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Discussion Starter #1
Hi everyone

Well weve seen a real change in our Holly over the last week or so. Whilst in some ways she is calmer and responds well, she has become more and more snappy with us when we try to remove objects, get her off the sofa etc.

Any time you go to touch her collar when you want to stop her doing something, put her somewhere to cool down, get her off something, she turns and snaps at hands, or spins onto back and tries to bite us. She has even starting barking and snapping at me when ive been eating and shes tryin to leap on me or when i try to get her off chair.

Must admit ive been bit concerned as this seemed to be more than just play biting. She was also a real pain in the **** for hubby at puppy class this week when normally she is really responsive.

Our trainer thinks she is trying to be bossy with us and trying to find her place in the family. Shes given us some tips to deal with her when she is very snappy and the off command to practice. She also said to make sure that we show her consistently the pecking order so we make sure now that we enter doors first, eat first always, play only when we want to.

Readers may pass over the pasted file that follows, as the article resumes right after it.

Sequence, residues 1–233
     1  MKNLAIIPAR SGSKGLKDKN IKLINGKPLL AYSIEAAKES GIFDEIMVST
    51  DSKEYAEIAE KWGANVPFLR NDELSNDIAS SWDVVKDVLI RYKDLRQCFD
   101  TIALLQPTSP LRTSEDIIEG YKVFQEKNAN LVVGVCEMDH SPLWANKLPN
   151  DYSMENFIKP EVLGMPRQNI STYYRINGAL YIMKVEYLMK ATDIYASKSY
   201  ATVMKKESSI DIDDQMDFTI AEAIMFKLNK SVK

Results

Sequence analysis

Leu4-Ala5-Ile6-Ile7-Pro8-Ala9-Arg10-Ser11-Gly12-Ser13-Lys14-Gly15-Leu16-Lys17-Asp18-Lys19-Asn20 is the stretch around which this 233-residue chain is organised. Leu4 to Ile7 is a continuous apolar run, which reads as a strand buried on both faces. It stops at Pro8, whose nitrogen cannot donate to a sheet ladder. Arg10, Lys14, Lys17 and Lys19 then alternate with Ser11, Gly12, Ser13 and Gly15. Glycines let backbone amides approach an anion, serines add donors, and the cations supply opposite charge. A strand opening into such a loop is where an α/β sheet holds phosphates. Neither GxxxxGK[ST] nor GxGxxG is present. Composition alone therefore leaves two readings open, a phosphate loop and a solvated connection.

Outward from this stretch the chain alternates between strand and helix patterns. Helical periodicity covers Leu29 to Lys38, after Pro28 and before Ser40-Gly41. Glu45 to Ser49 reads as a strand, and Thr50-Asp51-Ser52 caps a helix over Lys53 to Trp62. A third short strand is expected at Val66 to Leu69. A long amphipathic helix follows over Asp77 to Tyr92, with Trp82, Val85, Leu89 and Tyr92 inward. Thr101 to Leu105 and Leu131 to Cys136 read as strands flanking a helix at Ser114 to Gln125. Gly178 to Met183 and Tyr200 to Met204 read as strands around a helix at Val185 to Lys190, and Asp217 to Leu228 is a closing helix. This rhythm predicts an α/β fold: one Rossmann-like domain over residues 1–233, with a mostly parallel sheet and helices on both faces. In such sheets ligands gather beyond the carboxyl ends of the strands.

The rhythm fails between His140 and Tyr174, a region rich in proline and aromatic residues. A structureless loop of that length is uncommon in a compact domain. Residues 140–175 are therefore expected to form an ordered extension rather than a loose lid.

Just wondering if anyone else has had this problem (and come through it unscathed :? )? Also are there any other little thing we can do to help reinforce the pecking order??

Thanks
Shelley
 

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i'd start with making her wait for her dinner till you say so (ie putting it down tell her to wait and count to 5 or 10 then tell her its ok) if she knows those commands, and tell her to move, and follow it through, if she doesnt move stand over her, one foot either side, praise her when she does move though, remember sitting in doorways is an act of dominance as she is trying to control who goes in or out.
Anna
 

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Thanks for the tips Anna. We'll certainly be giving those a try! :)

I muxt admit to letting this get me down somewhat at the moment. Probably because ive never experienced a pup with such an attitude. Although she is our first dog, parents have always had them. :(

The silly thing is we chose her partly because while friendly she was not the most boisterous puppy in the litter. The trainer is convinced its just a phase we'll grt through.... but its quite hardgoing at he mo.

Thanks for the help